More than 700 boats were built, alongside the Contessa 26, at the new premises for the Roger’s boatyard until the yard fell victim to the recession in 1983 and went out of business. At this point the Contessa moulds were sold and Rogers had to rebuild his business from scratch. Luckily, ten years later Rogers had the opportunity to buy back the moulds and was able to restart production on a limited basis. The first of the new Contessa 32’s was launched in 1996 and producion continues today. Also, at least one other Contessa 32 is known to have been built by Macbar Marine in the UK
Meanwhile, on the other side of the pond, like the Contessa 26 before it, the 32 was built under license at the J. J. Taylor boatyard in Ontario, Canada. In 1973 the president of J.J. Taylor had a Rogers-built hull and deck shipped over from Britain from which they produced a set of moulds for Canadian production. In total, 87 Canadian Contessa 32s were built before the yard closed its doors in 1990. There is little difference in the Canadian boats other than a modified interior.
The Contessa 32 is very easy on the eyes with a beautiful sheerline that looks deceptively reverse from some angles. The bow is fine with marked overhangs and she has the narrow, tucked-up stern favoured by IOR designs of that era. The hull has pronounced tumblehome and the cabin profile and overall freeboard are low. This means less wind resistance but also results in less headroom below, another feature the 32 has in common with the 26. Below the waterline the 32 has a moderate fin keel, skeg-hung rudder and a deep forefoot. Blending of the keel into the hull gives the lateral stability of a full keel and the skeg supports, strengthens and protects the rudder which is solid fibreglass. The ballast is internal lead.
The accommodation inside is fairly standard. Entering from the companionway there is a small galley to port and a navigation table to starboard, with the engine mounted inboard aft under the cockpit and a seagoing quarter-berth alongside it, aft of the navigation table. The main cabin area has provision for two settees berths, the berth to port is a smallish double with a center section which folds up into a table. Forward is small head to port opposite a wet-locker to starboard and a v-berth up front. The UK boats were finished in teak while the Canadian boats have moulded liners.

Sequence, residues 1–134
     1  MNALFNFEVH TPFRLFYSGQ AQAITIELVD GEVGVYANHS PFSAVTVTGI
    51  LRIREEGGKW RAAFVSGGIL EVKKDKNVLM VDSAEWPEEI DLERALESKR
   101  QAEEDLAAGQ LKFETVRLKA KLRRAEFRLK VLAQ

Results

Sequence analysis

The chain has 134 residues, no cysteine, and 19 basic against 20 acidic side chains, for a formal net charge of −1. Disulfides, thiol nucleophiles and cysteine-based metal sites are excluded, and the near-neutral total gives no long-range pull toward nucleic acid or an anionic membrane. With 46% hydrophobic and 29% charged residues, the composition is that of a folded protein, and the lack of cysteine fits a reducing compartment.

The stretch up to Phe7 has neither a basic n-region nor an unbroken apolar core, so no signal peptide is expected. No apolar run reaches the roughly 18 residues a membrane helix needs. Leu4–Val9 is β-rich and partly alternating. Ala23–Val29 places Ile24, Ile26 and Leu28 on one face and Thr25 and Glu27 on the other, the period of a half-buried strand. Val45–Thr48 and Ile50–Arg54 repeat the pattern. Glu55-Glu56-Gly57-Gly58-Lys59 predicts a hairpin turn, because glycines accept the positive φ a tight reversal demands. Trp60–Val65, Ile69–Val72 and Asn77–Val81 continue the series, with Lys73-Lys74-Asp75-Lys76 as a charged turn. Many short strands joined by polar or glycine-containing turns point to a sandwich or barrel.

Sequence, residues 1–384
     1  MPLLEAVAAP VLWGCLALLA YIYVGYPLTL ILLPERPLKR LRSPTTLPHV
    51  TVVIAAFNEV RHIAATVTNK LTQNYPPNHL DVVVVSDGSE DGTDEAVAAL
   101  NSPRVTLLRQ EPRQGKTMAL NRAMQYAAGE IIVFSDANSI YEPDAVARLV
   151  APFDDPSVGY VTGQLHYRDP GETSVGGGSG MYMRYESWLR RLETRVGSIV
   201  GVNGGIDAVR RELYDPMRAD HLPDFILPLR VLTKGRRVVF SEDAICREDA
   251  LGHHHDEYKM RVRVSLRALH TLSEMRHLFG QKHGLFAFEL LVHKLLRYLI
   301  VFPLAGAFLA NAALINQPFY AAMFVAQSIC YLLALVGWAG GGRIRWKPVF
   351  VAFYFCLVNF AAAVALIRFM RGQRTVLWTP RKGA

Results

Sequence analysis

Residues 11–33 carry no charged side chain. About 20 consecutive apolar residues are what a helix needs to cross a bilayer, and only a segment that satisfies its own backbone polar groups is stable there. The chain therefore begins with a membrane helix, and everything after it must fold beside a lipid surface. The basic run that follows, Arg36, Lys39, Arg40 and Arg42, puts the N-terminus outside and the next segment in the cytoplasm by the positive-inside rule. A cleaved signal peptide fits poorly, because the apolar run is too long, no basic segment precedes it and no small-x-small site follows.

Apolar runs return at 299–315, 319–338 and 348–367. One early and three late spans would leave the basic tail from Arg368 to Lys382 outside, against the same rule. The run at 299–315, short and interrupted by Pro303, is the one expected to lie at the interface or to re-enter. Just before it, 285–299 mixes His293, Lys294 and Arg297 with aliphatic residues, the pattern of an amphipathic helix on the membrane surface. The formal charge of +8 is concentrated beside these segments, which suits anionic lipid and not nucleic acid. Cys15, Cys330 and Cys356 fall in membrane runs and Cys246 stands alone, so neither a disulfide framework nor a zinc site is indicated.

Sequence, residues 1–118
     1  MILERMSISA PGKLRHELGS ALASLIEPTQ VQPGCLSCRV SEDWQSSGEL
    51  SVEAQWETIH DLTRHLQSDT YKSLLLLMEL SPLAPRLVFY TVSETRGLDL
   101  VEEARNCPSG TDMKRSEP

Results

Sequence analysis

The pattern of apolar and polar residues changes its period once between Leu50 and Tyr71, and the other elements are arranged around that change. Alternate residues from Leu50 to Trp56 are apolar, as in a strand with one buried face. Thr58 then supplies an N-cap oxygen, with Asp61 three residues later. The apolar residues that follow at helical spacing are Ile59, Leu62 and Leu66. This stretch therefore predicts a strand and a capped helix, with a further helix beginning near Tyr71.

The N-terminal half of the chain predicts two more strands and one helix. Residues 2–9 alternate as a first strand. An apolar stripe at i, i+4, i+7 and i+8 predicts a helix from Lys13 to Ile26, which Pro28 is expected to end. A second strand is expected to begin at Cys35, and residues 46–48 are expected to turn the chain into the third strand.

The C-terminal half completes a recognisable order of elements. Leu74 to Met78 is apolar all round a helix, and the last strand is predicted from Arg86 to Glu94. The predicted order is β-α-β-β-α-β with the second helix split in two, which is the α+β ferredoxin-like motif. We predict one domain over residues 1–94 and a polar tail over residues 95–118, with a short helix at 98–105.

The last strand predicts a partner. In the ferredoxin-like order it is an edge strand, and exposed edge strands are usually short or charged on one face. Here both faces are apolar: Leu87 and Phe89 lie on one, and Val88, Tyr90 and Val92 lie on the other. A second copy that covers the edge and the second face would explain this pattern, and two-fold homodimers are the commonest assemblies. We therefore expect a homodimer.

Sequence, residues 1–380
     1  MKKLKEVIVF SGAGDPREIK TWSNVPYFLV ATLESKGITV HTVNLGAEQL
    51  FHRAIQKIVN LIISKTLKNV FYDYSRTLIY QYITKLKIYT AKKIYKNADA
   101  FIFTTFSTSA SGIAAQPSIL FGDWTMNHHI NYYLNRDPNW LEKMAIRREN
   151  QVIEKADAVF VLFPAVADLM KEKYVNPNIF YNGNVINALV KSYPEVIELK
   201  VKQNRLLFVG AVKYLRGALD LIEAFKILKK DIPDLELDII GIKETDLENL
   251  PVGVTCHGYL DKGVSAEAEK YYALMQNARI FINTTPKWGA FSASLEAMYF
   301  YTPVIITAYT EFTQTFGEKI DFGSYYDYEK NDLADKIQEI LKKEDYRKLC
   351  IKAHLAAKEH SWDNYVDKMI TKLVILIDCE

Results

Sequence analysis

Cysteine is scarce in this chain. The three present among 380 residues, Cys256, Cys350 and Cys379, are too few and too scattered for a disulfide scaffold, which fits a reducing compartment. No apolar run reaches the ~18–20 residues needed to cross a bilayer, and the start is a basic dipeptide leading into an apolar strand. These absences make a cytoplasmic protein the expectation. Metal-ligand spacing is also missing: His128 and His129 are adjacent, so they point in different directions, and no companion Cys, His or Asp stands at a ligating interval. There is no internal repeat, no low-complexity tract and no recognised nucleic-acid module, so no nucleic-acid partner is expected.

Ventilation is considered a weak point, despite having overhead hatches above the main cabin and v-berth. Maximum headroom is 6’1″ but only at the highest point forward of the companionway, headroom elsewhere is around 5′ 10″.
On deck, the 32 has a fair sized and comfortable cockpit with deep coamings which gets wet often. There are sturdy teak grabrails and double lifelines as well as a small bulwark forward which offers some added security.
The Contessa 32 is robustly constructed and though the years has proven to be durable. The hull and deck of the UK boats are built from solid GRP, while the Canadian boats use a balsa-cored deck. Both meet Lloyd’s hull specifications.
Though the solid fibreglass deck avoids rot and reduces delamination risk, there is a noticeable flex in the deck without the stiffness provided by the balsa coring. The mast is keel-stepped so there are no problems with sagging.
Contessa 32 owners mention the forgiving nature of the boat, the responsive helm and beautiful windward performance. She has a seakindly motion, and according to John Kretschmer in his review of the Contessa 32, she is a ‘wet’ boat affectionately known as “a submarine with sails”.
Her ballast of 4,500 pounds is nearly 50 percent of the overall displacement, so she has great stability and is able to carry full sail up to around 25 knots when other boats are reefing furiously.
Leaky hatches and a leaky inspection plate on the water tank in the bilge are common problems. Repowered boats are desirable, particularly those with the three cylinder Yanmar diesel engine. New boats are available from the Jeremy Rogers boatyard at around 110,000 British pounds plus VAT. For those looking for a used model there are generally a variety on the market, mostly in the UK. A current search of the boat market has prices of between 15,000 and 51,000 British pounds depending on age and condition. Prospective buyers are recommended to contact the active class association (see link below) or the Jeremy Rogers boatyard itself which is still producing and also refurbishing the Contessa 32 (see link below).
» Contessa 32 Class Association, official website.
» Jeremy Rogers Boatyard website, Lymington UK
» Contessa 32 review by John Kretschmer, Sailing Magazine, Nov 2008
» Contessa 32 review by Paul Howard, Boats.com, May 2002
» Contessa 32 article on Wikipedia
John Vigor turns the spotlight on twenty seaworthy sailboats that are at home on the ocean in all weather. These are old fiberglass boats...
This collection of capable blue water boats features time-tested sailboats with rich histories.